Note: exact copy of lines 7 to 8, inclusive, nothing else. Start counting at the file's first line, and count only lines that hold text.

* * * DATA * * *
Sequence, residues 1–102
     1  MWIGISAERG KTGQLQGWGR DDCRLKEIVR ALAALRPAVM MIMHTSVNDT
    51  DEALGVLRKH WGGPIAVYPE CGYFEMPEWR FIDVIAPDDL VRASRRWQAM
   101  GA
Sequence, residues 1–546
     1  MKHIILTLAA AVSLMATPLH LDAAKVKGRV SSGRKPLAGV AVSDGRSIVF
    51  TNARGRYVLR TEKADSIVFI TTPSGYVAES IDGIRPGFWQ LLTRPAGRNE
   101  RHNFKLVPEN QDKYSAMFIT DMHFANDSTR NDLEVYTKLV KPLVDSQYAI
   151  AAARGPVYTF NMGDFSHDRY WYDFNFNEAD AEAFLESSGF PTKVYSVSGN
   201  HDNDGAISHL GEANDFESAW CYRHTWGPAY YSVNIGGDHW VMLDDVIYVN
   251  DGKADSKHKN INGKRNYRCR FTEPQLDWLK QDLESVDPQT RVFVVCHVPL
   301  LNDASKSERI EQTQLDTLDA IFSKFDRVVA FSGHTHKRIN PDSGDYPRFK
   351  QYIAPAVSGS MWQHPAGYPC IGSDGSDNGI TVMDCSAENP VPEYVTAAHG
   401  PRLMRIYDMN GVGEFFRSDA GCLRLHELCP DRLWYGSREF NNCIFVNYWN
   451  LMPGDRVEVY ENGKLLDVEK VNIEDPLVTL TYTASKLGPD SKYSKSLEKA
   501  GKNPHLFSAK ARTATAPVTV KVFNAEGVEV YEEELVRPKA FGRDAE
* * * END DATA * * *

    51  TNARGRYVLR TEKADSIVFI TTPSGYVAES IDGIRPGFWQ LLTRPAGRNE
   101  RHNFKLVPEN QDKYSAMFIT DMHFANDSTR NDLEVYTKLV KPLVDSQYAI